What could other blurred community college programs adopt?

  • Career Navigators. Navigators hired by ACC support students throughout their education journeys. Among other things, they help students choose ACC and CSU classes and work-based learning opportunities and ease their transitions between sectors and programs. The navigators are able to operate as successfully as they do because several features of the program promote collaboration. For example, pathways are clearly mapped and Sturm and its partner high schools operate on a shared schedule. 
  • Pathways Maps. The program has mapped out each career pathway available at high schools and on the Sturm campus. As a result, each student clearly understands how high school dual enrollment classes lead to classes at Sturm. Sturm has also worked out a tuition agreement with the Douglas County School District. Dual enrollment courses taught in high schools are provided at no cost in Colorado, and the high school pays for up to six credits for dual enrollment on the Sturm campus.  
  • Common Schedule. The Collaboration Campus faculty and staff have negotiated a common schedule with the district’s high schools. Symbolic of the true degree of collaboration that’s possible between programs, the common schedule addresses a problem that persistently impedes efforts to coordinate high school and college programming.  

Grade 11-14 Faculty Positions: North Shore and Northern Essex Community Colleges

What is it?

In Massachusetts, two of the state’s 15 community colleges—North Shore Community College (NSCC) in Danvers and Northern Essex Community College (NECC) in Haverhill—enroll high percentages of high schoolers through dual enrollment and early college programs, and many of these students are members of populations that face barriers limiting access to economic advancement opportunities.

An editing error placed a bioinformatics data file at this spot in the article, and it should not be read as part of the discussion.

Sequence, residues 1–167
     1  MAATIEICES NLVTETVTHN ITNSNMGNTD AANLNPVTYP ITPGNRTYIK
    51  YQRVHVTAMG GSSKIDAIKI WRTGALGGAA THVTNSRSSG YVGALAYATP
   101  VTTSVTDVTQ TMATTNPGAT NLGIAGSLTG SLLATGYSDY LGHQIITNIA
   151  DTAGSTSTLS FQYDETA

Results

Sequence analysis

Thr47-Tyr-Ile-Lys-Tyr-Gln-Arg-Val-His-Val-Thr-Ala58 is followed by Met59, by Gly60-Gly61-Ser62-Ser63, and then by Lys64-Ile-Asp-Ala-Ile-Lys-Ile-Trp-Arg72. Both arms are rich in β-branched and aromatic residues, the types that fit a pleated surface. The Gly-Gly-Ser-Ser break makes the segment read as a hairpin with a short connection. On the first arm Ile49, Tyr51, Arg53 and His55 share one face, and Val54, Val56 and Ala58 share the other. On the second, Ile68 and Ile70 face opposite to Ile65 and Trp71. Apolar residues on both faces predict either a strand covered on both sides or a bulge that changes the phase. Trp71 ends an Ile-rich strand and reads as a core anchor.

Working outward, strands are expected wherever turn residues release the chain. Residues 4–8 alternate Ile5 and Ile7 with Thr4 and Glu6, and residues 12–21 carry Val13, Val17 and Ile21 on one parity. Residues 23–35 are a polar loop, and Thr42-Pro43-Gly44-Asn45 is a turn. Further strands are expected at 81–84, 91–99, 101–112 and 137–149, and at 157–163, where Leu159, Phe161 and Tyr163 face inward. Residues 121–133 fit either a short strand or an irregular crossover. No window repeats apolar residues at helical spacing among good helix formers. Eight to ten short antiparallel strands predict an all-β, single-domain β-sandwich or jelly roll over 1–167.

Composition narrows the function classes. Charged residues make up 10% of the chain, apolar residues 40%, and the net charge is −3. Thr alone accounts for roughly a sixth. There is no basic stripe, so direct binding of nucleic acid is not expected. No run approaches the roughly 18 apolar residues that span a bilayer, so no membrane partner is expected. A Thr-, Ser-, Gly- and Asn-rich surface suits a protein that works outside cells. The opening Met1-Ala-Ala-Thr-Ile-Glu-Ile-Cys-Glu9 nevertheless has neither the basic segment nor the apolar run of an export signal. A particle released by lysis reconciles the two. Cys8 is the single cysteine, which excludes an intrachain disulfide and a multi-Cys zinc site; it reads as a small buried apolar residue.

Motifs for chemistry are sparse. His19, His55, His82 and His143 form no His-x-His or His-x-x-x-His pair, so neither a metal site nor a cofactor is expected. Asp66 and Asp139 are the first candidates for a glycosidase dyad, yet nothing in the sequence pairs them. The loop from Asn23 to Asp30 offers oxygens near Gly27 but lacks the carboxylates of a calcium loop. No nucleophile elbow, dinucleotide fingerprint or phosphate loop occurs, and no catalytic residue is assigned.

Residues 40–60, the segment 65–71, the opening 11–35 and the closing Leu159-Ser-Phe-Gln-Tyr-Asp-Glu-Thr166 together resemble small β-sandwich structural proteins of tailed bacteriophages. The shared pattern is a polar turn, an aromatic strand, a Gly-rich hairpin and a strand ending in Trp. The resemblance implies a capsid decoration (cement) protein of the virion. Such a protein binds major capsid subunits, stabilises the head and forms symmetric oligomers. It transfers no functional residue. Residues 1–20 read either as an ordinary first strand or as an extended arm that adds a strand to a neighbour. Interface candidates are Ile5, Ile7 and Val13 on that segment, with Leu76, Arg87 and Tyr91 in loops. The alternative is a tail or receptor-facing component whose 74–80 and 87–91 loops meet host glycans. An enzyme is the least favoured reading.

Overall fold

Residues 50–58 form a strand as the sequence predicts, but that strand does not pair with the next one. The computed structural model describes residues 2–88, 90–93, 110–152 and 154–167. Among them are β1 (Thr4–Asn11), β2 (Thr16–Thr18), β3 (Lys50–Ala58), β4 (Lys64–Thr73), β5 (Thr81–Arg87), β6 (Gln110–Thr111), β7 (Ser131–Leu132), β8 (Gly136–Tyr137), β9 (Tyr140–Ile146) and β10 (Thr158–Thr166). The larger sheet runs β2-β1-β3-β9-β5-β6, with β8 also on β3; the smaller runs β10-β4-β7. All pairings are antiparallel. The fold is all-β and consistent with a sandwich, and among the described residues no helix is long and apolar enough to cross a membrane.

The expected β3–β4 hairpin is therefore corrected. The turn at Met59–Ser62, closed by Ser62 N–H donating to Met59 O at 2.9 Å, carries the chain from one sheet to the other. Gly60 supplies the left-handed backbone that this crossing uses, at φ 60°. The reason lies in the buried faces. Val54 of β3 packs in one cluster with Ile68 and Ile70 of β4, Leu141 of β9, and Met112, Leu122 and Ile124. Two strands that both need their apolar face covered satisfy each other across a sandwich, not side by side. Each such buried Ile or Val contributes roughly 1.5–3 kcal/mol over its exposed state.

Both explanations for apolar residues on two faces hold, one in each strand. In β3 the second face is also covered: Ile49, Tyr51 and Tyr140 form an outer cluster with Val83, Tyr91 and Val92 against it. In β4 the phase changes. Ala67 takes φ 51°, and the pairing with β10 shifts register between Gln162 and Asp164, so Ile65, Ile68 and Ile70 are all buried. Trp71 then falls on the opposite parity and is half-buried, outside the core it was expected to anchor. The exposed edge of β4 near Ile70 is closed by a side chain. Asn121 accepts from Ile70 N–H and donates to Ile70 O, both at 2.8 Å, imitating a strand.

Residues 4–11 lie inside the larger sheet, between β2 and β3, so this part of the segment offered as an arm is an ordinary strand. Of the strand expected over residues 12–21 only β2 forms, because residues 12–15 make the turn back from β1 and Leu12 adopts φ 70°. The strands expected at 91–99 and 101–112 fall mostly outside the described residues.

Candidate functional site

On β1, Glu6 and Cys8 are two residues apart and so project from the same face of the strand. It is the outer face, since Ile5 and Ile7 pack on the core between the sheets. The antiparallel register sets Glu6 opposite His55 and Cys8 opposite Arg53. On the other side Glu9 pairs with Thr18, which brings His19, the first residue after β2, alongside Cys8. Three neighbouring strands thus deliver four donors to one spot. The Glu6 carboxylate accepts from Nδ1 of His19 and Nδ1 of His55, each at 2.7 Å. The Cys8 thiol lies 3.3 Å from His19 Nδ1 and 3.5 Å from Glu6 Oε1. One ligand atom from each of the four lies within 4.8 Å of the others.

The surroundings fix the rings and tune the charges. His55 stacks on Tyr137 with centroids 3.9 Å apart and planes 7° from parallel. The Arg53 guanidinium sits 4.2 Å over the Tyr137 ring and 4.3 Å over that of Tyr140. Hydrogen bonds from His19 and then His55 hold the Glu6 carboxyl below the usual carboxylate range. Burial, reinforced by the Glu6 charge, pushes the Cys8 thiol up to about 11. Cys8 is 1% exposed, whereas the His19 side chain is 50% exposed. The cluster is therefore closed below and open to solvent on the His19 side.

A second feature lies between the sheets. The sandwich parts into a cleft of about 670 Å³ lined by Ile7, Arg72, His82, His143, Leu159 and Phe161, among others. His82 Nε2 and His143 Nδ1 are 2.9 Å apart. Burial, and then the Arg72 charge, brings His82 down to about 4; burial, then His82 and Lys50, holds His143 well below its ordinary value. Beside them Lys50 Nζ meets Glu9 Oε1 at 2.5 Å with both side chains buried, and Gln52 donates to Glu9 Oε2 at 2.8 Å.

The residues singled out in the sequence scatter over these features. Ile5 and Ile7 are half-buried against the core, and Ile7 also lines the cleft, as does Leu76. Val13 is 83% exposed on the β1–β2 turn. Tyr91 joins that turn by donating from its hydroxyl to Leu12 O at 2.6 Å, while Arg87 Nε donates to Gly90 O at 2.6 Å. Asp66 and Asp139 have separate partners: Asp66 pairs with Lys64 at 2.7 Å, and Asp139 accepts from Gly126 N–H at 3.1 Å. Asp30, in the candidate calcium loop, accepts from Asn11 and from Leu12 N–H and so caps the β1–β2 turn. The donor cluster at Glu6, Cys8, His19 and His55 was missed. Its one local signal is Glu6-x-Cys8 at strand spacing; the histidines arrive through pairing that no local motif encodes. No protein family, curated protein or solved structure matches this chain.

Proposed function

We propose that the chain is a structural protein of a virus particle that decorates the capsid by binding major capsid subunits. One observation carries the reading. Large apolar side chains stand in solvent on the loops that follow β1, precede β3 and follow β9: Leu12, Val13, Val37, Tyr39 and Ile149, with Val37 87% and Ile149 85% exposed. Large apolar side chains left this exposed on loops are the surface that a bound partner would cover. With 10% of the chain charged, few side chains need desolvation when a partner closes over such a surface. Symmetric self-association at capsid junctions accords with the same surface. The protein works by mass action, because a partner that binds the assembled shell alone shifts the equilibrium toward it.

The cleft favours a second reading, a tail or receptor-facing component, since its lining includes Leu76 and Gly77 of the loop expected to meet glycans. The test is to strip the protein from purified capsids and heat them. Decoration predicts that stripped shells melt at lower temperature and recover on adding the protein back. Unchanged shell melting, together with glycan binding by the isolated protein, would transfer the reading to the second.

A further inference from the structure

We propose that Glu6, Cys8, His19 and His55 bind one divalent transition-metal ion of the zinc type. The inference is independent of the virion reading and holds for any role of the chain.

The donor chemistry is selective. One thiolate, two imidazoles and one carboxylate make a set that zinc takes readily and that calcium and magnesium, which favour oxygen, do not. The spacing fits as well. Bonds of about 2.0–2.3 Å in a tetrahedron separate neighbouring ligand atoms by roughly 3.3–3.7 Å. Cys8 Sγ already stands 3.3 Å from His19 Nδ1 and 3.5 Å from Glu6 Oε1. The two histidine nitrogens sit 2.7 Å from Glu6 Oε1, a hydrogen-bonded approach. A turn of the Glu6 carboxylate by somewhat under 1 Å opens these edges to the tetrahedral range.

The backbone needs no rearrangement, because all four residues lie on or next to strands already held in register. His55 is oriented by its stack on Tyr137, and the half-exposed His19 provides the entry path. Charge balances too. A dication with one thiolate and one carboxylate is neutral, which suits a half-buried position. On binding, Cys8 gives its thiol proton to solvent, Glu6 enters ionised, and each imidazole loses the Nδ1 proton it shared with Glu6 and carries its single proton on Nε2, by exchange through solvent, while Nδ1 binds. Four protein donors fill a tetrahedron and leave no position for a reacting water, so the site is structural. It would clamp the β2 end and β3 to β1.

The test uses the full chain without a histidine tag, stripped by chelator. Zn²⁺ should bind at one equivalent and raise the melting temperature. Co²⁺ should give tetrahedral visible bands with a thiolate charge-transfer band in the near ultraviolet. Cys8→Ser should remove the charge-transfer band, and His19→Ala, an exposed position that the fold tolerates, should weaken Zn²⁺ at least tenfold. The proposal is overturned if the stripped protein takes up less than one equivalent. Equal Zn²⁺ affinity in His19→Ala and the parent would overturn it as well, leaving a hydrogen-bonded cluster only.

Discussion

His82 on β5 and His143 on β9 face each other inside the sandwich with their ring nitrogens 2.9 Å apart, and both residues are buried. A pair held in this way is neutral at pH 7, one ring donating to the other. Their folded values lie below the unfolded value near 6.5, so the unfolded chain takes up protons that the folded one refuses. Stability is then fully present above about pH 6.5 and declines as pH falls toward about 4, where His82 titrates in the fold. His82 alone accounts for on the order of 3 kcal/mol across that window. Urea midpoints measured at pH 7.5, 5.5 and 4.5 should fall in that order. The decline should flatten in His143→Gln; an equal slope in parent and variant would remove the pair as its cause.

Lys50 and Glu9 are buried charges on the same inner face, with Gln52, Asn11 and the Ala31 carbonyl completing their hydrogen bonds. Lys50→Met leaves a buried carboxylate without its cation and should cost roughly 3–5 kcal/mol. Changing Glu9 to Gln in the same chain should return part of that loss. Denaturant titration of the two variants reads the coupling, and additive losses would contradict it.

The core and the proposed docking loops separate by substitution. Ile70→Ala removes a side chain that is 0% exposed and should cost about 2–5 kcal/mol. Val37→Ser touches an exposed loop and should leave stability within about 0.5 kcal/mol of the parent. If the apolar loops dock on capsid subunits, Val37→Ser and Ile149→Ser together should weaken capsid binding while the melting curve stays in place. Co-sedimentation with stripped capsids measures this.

At North Shore, which had total enrollment of 4,833 students in the fall of 2023, about 1,000 high school students take dual enrollment courses in five currently state designated early college high schools and five additional high schools. At Northern Essex, which had 4,469 students in the spring of 2024, the dual enrollment program serves about 1,000 high school students from 25 high schools. These students take an average of two courses per semester, similar to regularly enrolled students. 

The two colleges serve cities with high immigrant populations: Lynn and Lawrence, where many residents born outside of the United States dream of college for their young people but often believe it’s out of reach. Both colleges report that about three-quarters of their early college students identify as Hispanic or Latino, most are from low-income backgrounds, and many speak both Spanish and English.  

What could other blurred community college programs adopt?  

In Massachusetts, high school teachers rarely serve as adjunct professors. This policy has both pros and cons: Yes, it means that students in dual enrollment programs are taught by college faculty members, but those who are unable to attend classes on campus miss out on the opportunity unless they take courses online.